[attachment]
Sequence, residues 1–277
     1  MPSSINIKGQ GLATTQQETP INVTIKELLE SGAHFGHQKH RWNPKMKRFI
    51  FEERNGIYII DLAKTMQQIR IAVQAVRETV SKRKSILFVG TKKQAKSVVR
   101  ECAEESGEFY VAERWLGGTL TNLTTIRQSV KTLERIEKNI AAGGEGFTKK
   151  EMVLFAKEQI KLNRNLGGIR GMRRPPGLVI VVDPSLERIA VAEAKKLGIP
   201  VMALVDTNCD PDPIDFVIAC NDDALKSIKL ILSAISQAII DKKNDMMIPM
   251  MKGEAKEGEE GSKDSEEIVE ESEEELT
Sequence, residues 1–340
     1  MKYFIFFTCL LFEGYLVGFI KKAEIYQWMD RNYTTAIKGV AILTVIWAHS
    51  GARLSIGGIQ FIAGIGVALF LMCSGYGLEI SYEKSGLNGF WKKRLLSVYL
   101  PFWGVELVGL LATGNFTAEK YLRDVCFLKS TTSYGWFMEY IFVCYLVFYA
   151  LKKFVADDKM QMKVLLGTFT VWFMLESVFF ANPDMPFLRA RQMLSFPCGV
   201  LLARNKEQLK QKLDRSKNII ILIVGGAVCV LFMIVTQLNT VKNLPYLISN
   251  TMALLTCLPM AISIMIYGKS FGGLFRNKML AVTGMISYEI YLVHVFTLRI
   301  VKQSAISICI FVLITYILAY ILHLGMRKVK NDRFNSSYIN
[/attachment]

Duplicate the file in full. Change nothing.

Sequence, residues 1–277
     1  MPSSINIKGQ GLATTQQETP INVTIKELLE SGAHFGHQKH RWNPKMKRFI
    51  FEERNGIYII DLAKTMQQIR IAVQAVRETV SKRKSILFVG TKKQAKSVVR
   101  ECAEESGEFY VAERWLGGTL TNLTTIRQSV KTLERIEKNI AAGGEGFTKK
   151  EMVLFAKEQI KLNRNLGGIR GMRRPPGLVI VVDPSLERIA VAEAKKLGIP
   201  VMALVDTNCD PDPIDFVIAC NDDALKSIKL ILSAISQAII DKKNDMMIPM
   251  MKGEAKEGEE GSKDSEEIVE ESEEELT
Sequence, residues 1–340
     1  MKYFIFFTCL LFEGYLVGFI KKAEIYQWMD RNYTTAIKGV AILTVIWAHS
    51  GARLSIGGIQ FIAGIGVALF LMCSGYGLEI SYEKSGLNGF WKKRLLSVYL
   101  PFWGVELVGL LATGNFTAEK YLRDVCFLKS TTSYGWFMEY IFVCYLVFYA
   151  LKKFVADDKM QMKVLLGTFT VWFMLESVFF ANPDMPFLRA RQMLSFPCGV
   201  LLARNKEQLK QKLDRSKNII ILIVGGAVCV LFMIVTQLNT VKNLPYLISN
   251  TMALLTCLPM AISIMIYGKS FGGLFRNKML AVTGMISYEI YLVHVFTLRI
   301  VKQSAISICI FVLITYILAY ILHLGMRKVK NDRFNSSYIN